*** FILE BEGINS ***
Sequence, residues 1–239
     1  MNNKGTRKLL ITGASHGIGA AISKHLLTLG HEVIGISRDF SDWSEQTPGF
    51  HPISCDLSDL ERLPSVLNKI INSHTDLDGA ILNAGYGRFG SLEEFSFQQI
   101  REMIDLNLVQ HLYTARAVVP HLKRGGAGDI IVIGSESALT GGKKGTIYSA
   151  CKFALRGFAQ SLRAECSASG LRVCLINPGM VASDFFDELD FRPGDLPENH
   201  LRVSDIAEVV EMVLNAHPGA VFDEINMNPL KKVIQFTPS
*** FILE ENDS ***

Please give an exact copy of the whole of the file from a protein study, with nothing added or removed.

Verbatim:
Sequence, residues 1–239
     1  MNNKGTRKLL ITGASHGIGA AISKHLLTLG HEVIGISRDF SDWSEQTPGF
    51  HPISCDLSDL ERLPSVLNKI INSHTDLDGA ILNAGYGRFG SLEEFSFQQI
   101  REMIDLNLVQ HLYTARAVVP HLKRGGAGDI IVIGSESALT GGKKGTIYSA
   151  CKFALRGFAQ SLRAECSASG LRVCLINPGM VASDFFDELD FRPGDLPENH
   201  LRVSDIAEVV EMVLNAHPGA VFDEINMNPL KKVIQFTPS